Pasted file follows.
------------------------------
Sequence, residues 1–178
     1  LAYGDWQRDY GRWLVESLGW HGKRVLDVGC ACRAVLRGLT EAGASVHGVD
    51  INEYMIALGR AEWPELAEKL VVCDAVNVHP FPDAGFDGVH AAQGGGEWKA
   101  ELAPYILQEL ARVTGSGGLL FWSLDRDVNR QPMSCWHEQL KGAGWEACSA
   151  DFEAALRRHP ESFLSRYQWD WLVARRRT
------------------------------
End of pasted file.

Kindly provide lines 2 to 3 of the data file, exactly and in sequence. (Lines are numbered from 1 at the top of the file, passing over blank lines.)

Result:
     1  LAYGDWQRDY GRWLVESLGW HGKRVLDVGC ACRAVLRGLT EAGASVHGVD
    51  INEYMIALGR AEWPELAEKL VVCDAVNVHP FPDAGFDGVH AAQGGGEWKA